Robert McMahan Jr., senior adviser for science and technology to North Carolina Gov. Mike Easley and executive director of the North Carolina Board of Science and Technology, will be leaving those posts to become dean of Western Carolina University’s Kimmel School of Construction Management and Technology.
 
McMahan’s appointment takes effect “prior to April 1,” WCU said in a Jan. 25 statement announcing the appointment.
 
In addition to advising the governor, McMahan’s current job includes providing counsel on science and technology issues for NC secretary of commerce Jim Fain, as well as for the General Assembly and NC Economic Development Board. McMahan also serves as a primary liaison on science, technology, university research capacity and structure, entrepreneurship and technology-based economic development to the University of North Carolina and state community college systems, the NC Small Business and Technology Development Center, the NC Biotechnology Center, and numerous entrepreneurial associations.
 
McMahan also holds the position of research professor of physics and astronomy at the UNC at Chapel Hill, where he teaches and conducts research in cosmology, and he serves as an adjunct professor in the department of textile and apparel technology and management in North Carolina State.
 
Until joining state government in 2003, McMahan was a senior technology strategist and venture capitalist for In-Q-Tel, a private venture capital organization funded by the CIA, where he was responsible for developing a technology investment strategy for the intelligence community. Before joining In-Q-Tel, he served as executive vice president of engineering and research and development for GretagMacbeth.
 
McMahan earned bachelor’s degrees in physics and the history of art from Duke University in 1982, a doctoral degree in physics from Dartmouth University in 1986, and completed postdoctoral studies at the Harvard University/Smithsonian Astrophysical Observatory Center for Astrophysics in 1989.
 

 
Bothell, Wash., Biopharmaceutical Promotes EVP to President, Names New Secretary/Interim CFO
 
Gordon Brandt has been promoted to president of Nastech Pharmaceutical, a biopharmaceutical company in Bothell, Wash.
 
Nastech's chairman and CEO, Steven Quay, siad in a press release the move will allow him to establish a spinout business, MDRNA, as an independent company concentrating on the development of RNA-based therapeutics.
 
Brandt had served as executive vice president of clinical research and medical affairs since joining Nastech in November 2002. From 1997 to 2002, Brandt worked at Sonus Pharmaceuticals, a developer of oncology drugs, where he held the positions of vice president of clinical and regulatory affairs, and director of medical affairs.
 
Brandt graduated from Yale University with a BSci degree in engineering science, received an MD degree from the University of California, San Francisco, and completed his residency training in internal medicine at Kaiser Hospital in San Francisco.
 
Nastech also announced the appointment of Bruce York as secretary and interim chief financial officer. He replaces Philip Ranker, who resigned Jan. 4.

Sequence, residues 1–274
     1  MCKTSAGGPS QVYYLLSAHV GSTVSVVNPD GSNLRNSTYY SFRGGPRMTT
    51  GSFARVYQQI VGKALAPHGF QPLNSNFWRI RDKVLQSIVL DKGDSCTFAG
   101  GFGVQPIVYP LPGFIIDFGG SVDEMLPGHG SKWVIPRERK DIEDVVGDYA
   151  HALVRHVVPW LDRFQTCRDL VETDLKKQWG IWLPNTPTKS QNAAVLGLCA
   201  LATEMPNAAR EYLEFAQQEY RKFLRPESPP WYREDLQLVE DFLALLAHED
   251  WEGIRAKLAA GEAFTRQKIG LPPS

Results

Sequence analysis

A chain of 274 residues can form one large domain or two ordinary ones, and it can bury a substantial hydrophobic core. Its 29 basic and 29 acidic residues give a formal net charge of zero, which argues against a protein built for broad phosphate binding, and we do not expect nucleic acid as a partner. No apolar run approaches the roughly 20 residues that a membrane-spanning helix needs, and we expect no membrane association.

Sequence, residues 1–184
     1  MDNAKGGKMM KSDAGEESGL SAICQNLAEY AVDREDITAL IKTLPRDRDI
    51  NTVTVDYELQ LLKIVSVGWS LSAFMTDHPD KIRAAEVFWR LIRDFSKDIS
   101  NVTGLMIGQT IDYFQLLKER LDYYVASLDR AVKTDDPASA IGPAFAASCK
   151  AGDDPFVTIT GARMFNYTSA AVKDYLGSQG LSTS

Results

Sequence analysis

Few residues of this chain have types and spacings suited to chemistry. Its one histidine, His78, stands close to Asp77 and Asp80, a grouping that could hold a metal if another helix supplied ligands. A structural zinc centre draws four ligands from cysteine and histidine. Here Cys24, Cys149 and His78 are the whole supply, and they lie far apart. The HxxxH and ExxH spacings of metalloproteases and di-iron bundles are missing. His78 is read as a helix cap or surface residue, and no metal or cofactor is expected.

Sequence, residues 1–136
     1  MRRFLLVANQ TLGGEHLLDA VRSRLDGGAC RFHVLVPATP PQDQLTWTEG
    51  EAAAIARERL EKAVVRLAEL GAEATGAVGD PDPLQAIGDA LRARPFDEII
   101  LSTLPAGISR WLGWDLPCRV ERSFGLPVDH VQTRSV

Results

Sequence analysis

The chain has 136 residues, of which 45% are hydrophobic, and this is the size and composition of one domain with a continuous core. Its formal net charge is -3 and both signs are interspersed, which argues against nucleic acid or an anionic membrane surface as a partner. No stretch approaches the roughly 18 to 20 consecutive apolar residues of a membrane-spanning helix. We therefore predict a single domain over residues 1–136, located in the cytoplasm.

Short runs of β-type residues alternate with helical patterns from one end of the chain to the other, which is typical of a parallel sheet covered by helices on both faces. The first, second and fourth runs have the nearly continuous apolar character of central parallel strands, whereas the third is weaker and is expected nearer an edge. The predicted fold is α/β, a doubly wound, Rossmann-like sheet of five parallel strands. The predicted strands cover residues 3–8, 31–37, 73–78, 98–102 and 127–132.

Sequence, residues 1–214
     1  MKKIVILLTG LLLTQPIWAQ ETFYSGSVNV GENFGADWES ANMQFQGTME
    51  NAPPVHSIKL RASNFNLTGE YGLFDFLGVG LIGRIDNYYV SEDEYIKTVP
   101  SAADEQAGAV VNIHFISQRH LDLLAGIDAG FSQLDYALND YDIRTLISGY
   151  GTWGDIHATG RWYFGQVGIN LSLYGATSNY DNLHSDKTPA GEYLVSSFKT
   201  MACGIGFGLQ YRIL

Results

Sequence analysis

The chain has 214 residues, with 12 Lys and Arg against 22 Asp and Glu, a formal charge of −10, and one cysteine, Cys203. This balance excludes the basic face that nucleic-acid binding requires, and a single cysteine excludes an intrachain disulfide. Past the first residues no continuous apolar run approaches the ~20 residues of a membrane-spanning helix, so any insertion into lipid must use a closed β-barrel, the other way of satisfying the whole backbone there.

South Carolina BIO CEO Resigns to Take Clemson Post Overseeing Biotech Partnerships
 
Karl Kelly has resigned as CEO of the South Carolina Biotechnology Industry Organization to join Clemson University to develop public-private partnerships for biotechnology as well as for the university’s Restoration Institute. Kelly began his new positions Feb. 1.
 
Kelly will remain active with SC BIO as a consultant, allowing him to continue promoting human genetics-nutrition research at the Greenwood (SC) Genetic Center, as well as biofuels and transgenic plant research at the Pee Dee Research and Education Center in Florence, SC. He also will encourage rural economic development through the Clemson Institute for Economic and Community Development in Columbia, SC.
 
Kelly’s duties include developing partnerships for Restoration Institute programs in advanced materials, community revitalization, historic preservation, renewable energy, and restoration ecology.
 
He has served as CEO of SC BIO since its formation. Prior to that, he served as senior vice president of sales and marketing at Suitt Construction, executive vice president of the Birmingham Metropolitan Development Board, director of business development for Fluor Daniel Biotechnology and Pharmaceuticals, coordinator of real estate and facility planning for Genentech, and project director for Fluor Daniel siting and consulting services.
 
Kelly holds a bachelor’s degree in political science and a master’s degree in city and regional planning, both from Clemson University.

The Scan

WHO Seeks Booster Pause

According to CNN, the World Health Organization is calling for a moratorium on administering SARS-CoV-2 vaccine boosters until more of the world has received initial doses.

For Those Long Legs

With its genome sequence and subsequent RNAi analyses, researchers have examined the genes that give long legs to daddy longlegs, New Scientist says.

September Plans

The New York Times reports that the US Food and Drug Administration is aiming for early September for full approval of the Pfizer-BioNTech SARS-CoV-2 vaccine.

Nucleic Acids Research Papers on Targeting DNA Damage Response, TSMiner, VarSAn

In Nucleic Acids Research this week: genetic changes affecting DNA damage response inhibitor response, "time-series miner" approach, and more.